Wangaratta’s rise to sporting prominence during the Depression era coincided with the flourishing careers of a handful of champions.
Not many of them, though, could match the feats of curly-haired Herbert Wesley Carey, a dynamic footballer, explosive all-round cricketer and enigmatic personality……..
Carey’s parents transplanted their large family to Wangaratta from Devon Meadows (near Cranbourne) in the late twenties.His dad, Walter. like so many of his generation, had tried his hand at anything; from Gold-Mining, to tobacco-growing, to Carpentry. It was whilst panning for gold that he incurred syenite poisoning in his knee, which left him with a stiff leg for the remainder of his life.
With nine kids ( he and wife Margaret lost another son, Walter Steane, in his infancy ) he found that Building was the most appropriate way to sustain the family. The boys – George, Fred, Bill, Bert and Stan – possessed a variety of skills, but Bert became his principal helper.
The Carey’s would go on to construct many houses in the West End area, including a couple in Steane Street, which was named after the second Christian names of Walter and the baby son they’d lost.
Wangaratta Football Club happened upon a recruiting bonanza when the Carey gang hit town. The five boys all played together at various times. When former Hawthorn player Dermott O’Brien quit as coach mid-way through their first season, 1929, the adaptable Fred was appointed in his place.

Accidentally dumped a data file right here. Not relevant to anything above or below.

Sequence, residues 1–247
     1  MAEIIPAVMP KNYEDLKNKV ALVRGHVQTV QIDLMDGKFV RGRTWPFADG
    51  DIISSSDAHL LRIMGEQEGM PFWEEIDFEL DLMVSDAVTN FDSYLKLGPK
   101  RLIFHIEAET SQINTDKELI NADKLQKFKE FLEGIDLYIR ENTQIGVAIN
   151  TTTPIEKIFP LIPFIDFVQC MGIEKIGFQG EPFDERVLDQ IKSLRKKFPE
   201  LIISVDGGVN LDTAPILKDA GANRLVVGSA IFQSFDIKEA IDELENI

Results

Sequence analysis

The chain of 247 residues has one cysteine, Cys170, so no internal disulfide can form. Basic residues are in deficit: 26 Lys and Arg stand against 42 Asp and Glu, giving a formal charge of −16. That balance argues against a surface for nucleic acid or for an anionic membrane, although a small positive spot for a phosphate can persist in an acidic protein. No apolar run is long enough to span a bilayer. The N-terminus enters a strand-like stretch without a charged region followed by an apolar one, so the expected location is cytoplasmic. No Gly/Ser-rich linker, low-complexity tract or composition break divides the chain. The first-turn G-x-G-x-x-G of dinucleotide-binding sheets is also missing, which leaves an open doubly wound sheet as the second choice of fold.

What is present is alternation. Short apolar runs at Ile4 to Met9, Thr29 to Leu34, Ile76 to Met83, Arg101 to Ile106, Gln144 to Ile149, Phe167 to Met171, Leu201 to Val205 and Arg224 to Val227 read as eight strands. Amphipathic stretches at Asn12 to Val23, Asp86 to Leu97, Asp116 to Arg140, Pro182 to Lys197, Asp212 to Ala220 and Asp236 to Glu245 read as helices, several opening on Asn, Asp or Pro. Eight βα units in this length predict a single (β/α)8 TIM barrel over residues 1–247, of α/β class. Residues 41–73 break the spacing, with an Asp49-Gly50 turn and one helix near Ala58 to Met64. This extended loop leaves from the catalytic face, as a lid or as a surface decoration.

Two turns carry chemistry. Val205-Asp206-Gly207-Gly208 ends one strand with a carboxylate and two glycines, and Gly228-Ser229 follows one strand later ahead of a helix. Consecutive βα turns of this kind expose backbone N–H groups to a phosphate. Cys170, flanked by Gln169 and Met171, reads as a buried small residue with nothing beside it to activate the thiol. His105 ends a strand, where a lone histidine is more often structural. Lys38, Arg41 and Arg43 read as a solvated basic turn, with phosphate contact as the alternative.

One of the key players at his disposal was Bert, who was equally at home whilst on the ball or up forward.
Bert stood 5’10” and weighed 75kg, and had already sampled VFL football, having played five games with Fitzroy. But, at periods over the next nine years, he would prove well-nigh unstoppable in the Black and White guernsey.
He gave Magpie fans an early sample of his brilliance when he booted 13 goals in their 92-point thrashing of Rutherglen.
Bert signalled his cricketing ability in his first WDCA game with newly-formed East Wangaratta, finishing with figures of 5/8 and 6/1 and producing a belligerent innings of 85 against Footballers.
A left-arm bowler of considerable pace, he could swing the ball both ways (sometimes too much) and proved a more than handy batsman in the middle-order. Little wonder, with Bert in the side complementing the redoubtable Fisher brothers, they became a power. After a one-wicket win in the 1928/29 decider, East again took out the flag the following year.
Carey teamed with Brookfield speedsters Ken and Harry Kneebone to form a lethal new-ball combination in representative cricket.
His first Country Week, in 1929, was a raging success. He captured 20 wickets at an average of 5.6, including successive hauls of 7/21 and 5/39. He was to become a cornerstone of the Wangaratta attack, and produced some astonishing performances.
In his best individual effort, in 1933, he snared 6/11, 5/39, 5/24, 4/57 and made an undefeated 40, following this with 4/67 in the Final, which Wangaratta duly won.
His wicket-taking record over nine trips to Melbourne (1929-’37) has never been bettered, and was a factor in Wangaratta’s tally of 21 wins, 4 losses and 7 draws over that period.
In a move which inflamed tensions between the rival clubs, Bert switched from East Wang to Wangaratta in 1933/34, and was able to add another two premierships to his collection, giving him five WDCA flags in total……..
Carey’s uncanny goal-kicking skills made him a vital part of Wangaratta’s football success. He was averaging in excess of five goals per game in 1930, before he was shut down in a vital clash against West Albury. The ‘Pies lost the game, but he bounced back with hauls of 8 and 11 against Rutherglen and Corowa.